Accessibility/Mobile Features
Skip Navigation
Skip to Content
Editorial News
Business
Classified Sites

The Canadian Press - ONLINE EDITION

NYC police union leader: Officers aren't responsible for death of drugged-out man in custody

NEW YORK, N.Y. - Officers shouldn't be held responsible for the death of a drugged-out man in police custody, the head of a police union said Saturday.

The New York Police Department said Friday it was being investigated by Manhattan prosecutors for the July 13 death of Ronald Singleton. The 45-year-old was high on PCP, a hallucinogenic drug, and had been acting erratic in a taxi when officers responding to a 911 call restrained him, placing him in a protective body wrap, police said. He was headed to a hospital to undergo a psychiatric evaluation when he went into cardiac arrest and died.

The medical examiner's office said Singleton was in a state of excited delirium related to severe intoxication from the drug. It cited "physical restraint by police" as well as heart disease as contributing factors in his death.

Patrolmen's Benevolent Association President Patrick Lynch said it was the PCP that placed Singleton's life in jeopardy and that officers were just doing their jobs.

"The drug puts the abuser in an extremely agitated state while boosting the person's strength to abnormal levels," Lynch said in a statement. "Our members follow department protocols designed to best insure the safety of the drug abuser and of the police officers who are attempting to get the individual the necessary medical aid."

It is the second recent police custody death under scrutiny, after the July 17 chokehold death of Eric Garner in Staten Island. Garner, a 43-year-old father of six who had asthma, could be heard on an amateur video shouting "I can't breathe!" as an officer placed him in a chokehold during an arrest on suspicion of selling loose, untaxed cigarettes. The officer was stripped of his gun and badge.

  • Rate this Rate This Star Icon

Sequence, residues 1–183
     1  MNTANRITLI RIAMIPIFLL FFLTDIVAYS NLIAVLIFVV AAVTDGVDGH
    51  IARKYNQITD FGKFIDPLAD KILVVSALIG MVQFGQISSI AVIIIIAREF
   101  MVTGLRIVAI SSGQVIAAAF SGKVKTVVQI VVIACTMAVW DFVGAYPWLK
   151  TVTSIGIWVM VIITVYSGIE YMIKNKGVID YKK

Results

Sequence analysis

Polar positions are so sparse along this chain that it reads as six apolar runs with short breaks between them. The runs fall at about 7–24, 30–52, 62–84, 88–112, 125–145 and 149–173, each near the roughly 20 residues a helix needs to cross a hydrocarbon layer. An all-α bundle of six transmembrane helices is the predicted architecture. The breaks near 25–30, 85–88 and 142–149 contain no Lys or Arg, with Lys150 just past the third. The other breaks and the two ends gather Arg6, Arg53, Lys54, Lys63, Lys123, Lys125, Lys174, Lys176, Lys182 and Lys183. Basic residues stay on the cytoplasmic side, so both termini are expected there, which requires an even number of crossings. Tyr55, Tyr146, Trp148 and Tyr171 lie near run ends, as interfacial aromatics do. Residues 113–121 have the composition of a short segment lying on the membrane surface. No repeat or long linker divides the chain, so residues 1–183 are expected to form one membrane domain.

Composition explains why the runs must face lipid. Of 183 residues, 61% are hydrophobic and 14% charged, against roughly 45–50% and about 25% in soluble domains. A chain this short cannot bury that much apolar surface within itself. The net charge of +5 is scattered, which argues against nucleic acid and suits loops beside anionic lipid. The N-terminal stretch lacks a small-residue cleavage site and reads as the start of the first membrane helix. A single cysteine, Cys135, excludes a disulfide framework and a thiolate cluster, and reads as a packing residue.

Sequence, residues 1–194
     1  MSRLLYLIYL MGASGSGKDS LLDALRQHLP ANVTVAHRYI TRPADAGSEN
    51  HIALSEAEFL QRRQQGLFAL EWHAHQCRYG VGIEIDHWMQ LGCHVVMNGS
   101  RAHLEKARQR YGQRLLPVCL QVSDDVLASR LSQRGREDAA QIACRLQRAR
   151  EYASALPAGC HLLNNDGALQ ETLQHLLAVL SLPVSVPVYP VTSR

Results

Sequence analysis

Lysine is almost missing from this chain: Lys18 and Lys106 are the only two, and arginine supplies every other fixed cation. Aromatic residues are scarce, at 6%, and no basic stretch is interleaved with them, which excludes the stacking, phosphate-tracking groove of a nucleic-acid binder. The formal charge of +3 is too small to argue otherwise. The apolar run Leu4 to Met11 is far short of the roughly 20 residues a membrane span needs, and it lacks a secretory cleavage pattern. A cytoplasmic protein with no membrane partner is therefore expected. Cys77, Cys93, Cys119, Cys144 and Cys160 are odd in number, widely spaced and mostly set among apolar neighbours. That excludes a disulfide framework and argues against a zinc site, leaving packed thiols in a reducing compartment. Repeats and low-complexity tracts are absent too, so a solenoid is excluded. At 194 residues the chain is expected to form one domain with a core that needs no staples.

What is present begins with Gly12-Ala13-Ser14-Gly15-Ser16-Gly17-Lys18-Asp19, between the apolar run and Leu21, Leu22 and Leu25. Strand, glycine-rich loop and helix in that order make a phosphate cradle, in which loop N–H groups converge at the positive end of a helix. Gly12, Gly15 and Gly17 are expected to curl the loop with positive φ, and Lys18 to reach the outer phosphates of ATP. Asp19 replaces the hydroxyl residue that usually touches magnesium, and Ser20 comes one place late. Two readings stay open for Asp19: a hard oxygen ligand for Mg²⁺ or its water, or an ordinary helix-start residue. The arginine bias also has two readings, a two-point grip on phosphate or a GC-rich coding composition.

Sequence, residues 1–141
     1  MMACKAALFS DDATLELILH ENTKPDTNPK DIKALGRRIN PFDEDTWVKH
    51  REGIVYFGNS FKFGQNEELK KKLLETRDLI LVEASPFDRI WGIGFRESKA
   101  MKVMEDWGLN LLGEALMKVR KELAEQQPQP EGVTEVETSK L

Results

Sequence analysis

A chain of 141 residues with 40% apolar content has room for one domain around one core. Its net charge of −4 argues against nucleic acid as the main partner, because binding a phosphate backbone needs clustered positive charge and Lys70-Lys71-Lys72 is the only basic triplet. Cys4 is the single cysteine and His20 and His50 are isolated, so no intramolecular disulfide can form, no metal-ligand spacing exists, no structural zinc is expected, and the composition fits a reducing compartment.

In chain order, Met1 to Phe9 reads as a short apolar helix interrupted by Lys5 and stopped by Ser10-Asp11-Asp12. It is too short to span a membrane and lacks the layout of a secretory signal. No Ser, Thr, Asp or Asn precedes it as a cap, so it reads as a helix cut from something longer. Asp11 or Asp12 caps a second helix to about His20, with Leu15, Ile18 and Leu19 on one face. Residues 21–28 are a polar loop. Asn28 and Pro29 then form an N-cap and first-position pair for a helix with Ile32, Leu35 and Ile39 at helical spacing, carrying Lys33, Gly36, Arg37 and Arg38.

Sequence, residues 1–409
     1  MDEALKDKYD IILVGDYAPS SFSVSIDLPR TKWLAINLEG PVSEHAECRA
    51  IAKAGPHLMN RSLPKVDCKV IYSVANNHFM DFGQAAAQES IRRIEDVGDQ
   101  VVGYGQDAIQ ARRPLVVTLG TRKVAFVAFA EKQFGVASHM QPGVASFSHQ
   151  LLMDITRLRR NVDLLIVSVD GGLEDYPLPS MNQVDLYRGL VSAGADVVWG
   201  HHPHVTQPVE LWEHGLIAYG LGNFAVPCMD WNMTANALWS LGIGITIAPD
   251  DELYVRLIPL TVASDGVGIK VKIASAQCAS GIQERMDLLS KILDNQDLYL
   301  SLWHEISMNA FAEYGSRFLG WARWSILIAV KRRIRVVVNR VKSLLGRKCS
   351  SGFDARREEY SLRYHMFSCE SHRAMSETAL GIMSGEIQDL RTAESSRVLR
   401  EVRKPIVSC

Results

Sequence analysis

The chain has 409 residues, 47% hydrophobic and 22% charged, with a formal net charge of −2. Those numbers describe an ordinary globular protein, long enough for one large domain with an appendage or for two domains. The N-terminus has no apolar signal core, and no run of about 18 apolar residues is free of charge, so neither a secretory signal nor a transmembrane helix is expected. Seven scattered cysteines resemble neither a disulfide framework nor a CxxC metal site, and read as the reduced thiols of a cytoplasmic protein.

• This article has not yet been rated.
  • We want you to tell us what you think of our articles. If the story moves you, compels you to act or tells you something you didn’t know, mark it high. If you thought it was well written, do the same. If it doesn’t meet your standards, mark it accordingly.

    You can also register and/or login to the site and join the conversation by leaving a comment.

    Rate it yourself by rolling over the stars and clicking when you reach your desired rating. We want you to tell us what you think of our articles. If the story moves you, compels you to act or tells you something you didn’t know, mark it high.

Sort by: Newest to Oldest | Oldest to Newest | Most Popular 0 Commentscomment icon

You can comment on most stories on brandonsun.com. You can also agree or disagree with other comments. All you need to do is register and/or login and you can join the conversation and give your feedback.

There are no comments at the moment. Be the first to post a comment below.

Post Your Commentcomment icon

Comment
  • You have characters left

The Brandon Sun does not necessarily endorse any of the views posted. Comments are moderated before publication. By submitting your comment, you agree to our Terms and Conditions. New to commenting? Check out our Frequently Asked Questions.

letters

Make text: Larger | Smaller

Brandon Sun Business Directory
The First World War at 100

Social Media

Canadian Mortgage Rates